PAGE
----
Perry Mason (Burr) is a busy defense attorney with a practice in Los Angeles. Flanked by his "Girl Friday," Della Street (Barbara Hale, The Oklahoman) and the reliable private investigator, Paul Drake (William Hopper, Slim Carter), Mason and his crew regularly found themselves seated adjacent to the overzealous duo of Lieutenant Arthur Tragg (Ray Collins, Touch of Evil) and D.A. Hamilton Burger (William Talman, Hell on Devil's Island). Even when the prosecution's evidence and witness testimony painted the accused "guilty as charged," Mason maintains his cool every time, affording him the insight to present a surprise witness or crucial piece of evidence that would prove there's no such thing as an open and shut case.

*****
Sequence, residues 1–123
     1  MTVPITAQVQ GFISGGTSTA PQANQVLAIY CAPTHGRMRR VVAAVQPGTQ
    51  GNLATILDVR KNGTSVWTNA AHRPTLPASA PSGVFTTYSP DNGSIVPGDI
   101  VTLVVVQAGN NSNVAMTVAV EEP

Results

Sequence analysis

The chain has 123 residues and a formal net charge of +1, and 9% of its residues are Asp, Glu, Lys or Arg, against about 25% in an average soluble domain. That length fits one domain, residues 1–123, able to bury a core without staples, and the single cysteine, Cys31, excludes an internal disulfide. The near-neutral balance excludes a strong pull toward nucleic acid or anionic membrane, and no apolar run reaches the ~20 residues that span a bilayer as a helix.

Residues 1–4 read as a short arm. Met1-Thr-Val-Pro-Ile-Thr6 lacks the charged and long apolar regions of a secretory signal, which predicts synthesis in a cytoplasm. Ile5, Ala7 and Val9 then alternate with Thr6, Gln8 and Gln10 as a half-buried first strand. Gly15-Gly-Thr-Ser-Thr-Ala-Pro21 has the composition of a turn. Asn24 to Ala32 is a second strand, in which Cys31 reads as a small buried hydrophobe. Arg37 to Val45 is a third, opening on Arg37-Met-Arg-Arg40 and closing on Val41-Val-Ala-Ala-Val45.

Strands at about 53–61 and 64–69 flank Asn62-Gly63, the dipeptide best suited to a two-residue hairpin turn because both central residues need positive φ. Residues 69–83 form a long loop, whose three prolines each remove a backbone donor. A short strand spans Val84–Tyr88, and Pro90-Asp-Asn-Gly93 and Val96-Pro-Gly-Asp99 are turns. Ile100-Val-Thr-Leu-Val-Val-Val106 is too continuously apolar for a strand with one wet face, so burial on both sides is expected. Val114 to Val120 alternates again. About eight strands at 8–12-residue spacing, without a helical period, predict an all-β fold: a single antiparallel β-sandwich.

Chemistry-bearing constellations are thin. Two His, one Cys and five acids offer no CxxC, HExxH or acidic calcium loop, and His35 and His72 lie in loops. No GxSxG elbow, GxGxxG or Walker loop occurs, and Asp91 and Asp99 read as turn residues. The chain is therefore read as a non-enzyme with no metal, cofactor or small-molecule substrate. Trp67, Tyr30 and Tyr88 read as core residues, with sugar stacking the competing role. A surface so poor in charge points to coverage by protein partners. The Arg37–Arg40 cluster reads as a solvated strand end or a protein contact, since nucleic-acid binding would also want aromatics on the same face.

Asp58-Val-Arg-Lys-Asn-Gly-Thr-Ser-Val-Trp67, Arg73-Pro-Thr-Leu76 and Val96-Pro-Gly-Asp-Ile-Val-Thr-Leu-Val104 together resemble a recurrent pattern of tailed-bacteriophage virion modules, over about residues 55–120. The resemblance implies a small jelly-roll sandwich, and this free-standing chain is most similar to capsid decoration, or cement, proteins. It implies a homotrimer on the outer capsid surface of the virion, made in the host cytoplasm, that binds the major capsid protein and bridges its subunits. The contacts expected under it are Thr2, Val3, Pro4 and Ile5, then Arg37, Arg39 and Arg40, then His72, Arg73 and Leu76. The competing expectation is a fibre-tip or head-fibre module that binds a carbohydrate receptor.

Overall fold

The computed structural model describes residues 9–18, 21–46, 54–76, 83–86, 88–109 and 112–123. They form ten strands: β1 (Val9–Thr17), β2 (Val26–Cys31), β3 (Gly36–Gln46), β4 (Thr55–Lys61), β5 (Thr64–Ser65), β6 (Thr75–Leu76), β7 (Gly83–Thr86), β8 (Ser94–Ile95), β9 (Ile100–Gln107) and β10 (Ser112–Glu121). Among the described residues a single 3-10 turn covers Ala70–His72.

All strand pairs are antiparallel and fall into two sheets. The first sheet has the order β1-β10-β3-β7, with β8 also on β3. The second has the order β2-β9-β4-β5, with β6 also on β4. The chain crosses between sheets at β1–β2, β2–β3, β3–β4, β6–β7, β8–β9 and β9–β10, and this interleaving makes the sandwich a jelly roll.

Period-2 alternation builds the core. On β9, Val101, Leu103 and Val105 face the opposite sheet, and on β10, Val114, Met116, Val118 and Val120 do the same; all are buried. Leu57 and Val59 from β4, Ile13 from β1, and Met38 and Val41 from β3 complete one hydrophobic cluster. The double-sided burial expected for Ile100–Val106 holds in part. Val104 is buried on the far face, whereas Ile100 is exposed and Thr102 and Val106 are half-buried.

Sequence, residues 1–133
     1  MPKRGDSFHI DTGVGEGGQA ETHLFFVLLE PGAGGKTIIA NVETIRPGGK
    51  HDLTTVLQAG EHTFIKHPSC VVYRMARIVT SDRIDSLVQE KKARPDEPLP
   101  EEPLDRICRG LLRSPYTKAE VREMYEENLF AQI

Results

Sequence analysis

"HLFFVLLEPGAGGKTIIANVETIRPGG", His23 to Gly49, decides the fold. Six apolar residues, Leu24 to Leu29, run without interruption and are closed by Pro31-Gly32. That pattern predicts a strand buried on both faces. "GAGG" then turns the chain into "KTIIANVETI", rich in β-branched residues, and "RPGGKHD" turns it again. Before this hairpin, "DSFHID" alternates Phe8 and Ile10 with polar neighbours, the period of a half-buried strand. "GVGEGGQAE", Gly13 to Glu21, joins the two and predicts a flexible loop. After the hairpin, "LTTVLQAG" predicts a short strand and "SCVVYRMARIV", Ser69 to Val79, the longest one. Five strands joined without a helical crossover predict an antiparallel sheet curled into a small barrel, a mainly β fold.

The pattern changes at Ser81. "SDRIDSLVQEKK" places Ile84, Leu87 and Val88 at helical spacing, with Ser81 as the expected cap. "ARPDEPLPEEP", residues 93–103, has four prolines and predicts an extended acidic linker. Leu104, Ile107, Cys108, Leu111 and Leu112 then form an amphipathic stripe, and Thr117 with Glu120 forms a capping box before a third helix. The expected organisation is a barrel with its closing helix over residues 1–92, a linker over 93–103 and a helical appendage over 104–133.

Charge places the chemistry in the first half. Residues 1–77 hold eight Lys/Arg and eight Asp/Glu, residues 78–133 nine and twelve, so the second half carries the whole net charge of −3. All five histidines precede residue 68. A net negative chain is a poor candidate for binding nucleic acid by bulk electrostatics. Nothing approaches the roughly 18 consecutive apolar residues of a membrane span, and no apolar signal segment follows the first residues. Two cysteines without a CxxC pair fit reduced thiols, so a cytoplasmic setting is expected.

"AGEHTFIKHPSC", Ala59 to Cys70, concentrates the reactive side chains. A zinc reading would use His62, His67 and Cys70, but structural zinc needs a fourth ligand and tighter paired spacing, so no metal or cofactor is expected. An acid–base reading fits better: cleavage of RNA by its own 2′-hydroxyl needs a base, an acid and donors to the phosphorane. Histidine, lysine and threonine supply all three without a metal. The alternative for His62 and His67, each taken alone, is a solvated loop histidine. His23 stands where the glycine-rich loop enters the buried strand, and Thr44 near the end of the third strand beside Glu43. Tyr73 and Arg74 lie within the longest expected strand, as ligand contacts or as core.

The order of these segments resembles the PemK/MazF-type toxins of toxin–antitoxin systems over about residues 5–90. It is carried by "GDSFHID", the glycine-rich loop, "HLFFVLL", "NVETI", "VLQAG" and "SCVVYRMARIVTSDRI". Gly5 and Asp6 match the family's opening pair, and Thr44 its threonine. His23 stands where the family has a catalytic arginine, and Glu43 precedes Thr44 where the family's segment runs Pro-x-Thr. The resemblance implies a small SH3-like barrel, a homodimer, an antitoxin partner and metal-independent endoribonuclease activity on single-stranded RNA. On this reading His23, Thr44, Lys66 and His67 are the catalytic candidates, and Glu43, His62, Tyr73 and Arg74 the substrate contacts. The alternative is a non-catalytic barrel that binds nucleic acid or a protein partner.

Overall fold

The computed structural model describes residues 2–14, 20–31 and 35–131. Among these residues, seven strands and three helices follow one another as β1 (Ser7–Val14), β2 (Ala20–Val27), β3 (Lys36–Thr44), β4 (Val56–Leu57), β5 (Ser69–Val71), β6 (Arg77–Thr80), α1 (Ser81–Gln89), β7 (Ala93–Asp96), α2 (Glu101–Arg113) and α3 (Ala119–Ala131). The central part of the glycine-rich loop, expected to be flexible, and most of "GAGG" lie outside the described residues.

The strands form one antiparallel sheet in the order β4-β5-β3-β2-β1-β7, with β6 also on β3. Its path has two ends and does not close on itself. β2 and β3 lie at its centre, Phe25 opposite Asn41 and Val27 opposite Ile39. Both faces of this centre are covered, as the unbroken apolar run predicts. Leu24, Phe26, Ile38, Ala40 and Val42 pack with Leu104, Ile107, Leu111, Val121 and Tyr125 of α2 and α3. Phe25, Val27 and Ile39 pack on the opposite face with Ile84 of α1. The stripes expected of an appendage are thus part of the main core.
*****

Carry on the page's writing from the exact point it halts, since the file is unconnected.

Well, this particular proceeding isn't yet complete as we look deeper into the much celebrated Perry Mason, an anchor program in the CBS Network's broadcast history.
The show, now five decades old, is remarkably entertaining without existing simply as a nostalgic novelty. Quite the contrary, it still packs a punch as it works through its meticulous three-act methodology: 1) the stage is set, characters are introduced, and a crime is committed, 2) Perry Mason is called into action to defend the key suspect even though all evidence points to his client's guilt, and 3) Mason engages in a gripping legal joust as he, piece-by-piece, deconstructs the D.A.'s case and ultimately extracts an in-court confession from the real killer. It's great drama, both then and now.